I HAVE a few questions for Justice Susan Mavangira who ruled on the bail application of MDC leader Morgan Tsvangirai where she arguably delayed “beyond a reasonable time” setting conditions for t
he leader of the main opposition party.
In her judgement she said that the bail conditions were set so high because of the “high inflation rate in Zimbabwe”.
My first question is: Will the inflation rate be taken into account when the money is eventually repaid? Will an inflation-eroded $10 million be repaid?
The least that should be done is to pay it at the rate of interest that could have been earned on the open market.
Second, are judges empowered to decide bail amounts according to the inflation rate or are they bound by the statute books? If they are not free to vary fines, how come they are free to thumb-suck amounts payable for bail?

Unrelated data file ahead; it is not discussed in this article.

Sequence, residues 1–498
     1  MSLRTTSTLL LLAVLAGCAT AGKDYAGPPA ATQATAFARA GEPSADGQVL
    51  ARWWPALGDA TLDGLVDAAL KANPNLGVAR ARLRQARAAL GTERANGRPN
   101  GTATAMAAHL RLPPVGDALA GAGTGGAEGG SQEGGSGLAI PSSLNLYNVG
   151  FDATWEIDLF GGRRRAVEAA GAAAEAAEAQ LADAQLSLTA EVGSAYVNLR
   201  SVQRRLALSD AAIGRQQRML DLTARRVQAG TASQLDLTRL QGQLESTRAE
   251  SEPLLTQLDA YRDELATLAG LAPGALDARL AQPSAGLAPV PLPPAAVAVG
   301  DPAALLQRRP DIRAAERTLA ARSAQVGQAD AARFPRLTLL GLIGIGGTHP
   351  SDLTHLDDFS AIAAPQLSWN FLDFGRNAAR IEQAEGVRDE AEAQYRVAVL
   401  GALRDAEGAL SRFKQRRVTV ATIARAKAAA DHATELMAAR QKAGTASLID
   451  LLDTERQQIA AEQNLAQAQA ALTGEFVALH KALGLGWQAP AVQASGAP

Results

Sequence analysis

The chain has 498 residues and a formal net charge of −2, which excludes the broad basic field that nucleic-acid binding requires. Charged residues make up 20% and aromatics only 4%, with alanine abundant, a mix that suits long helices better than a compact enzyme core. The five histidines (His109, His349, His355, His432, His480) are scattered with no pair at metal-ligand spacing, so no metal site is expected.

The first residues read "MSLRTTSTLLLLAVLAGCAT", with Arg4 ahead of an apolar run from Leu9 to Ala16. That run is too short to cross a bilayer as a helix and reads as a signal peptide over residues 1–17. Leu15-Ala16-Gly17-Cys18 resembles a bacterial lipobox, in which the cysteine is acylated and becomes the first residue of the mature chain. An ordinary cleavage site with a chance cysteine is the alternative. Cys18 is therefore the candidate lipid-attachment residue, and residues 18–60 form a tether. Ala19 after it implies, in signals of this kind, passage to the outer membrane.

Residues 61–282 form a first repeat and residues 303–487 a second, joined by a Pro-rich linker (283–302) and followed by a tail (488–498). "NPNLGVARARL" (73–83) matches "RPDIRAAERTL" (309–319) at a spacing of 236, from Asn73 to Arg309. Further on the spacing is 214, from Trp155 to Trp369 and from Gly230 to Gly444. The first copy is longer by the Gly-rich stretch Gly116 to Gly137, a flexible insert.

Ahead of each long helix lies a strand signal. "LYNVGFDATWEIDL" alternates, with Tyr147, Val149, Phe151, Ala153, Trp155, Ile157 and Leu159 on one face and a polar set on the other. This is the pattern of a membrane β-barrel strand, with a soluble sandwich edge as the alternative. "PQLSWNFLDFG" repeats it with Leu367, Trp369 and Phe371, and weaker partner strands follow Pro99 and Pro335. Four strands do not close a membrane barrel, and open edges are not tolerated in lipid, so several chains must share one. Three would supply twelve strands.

Credit must go to those who organised the cash, and perhaps it would have been good for it to be paid in small denominations to show how cash-strapped this once thriving nation is.
Cartoonists worldwide could have a field day depicting the situation with huge boxes of cash being carried to the court for counting. Would another method of payment have been accepted or does that not fit into David Chapfika’s profound theory on the sophisticated banking system operating in Zimbabwe?
I might add that every decision taken by the government, and we read something new everyday, shows it shooting itself in the proverbial foot.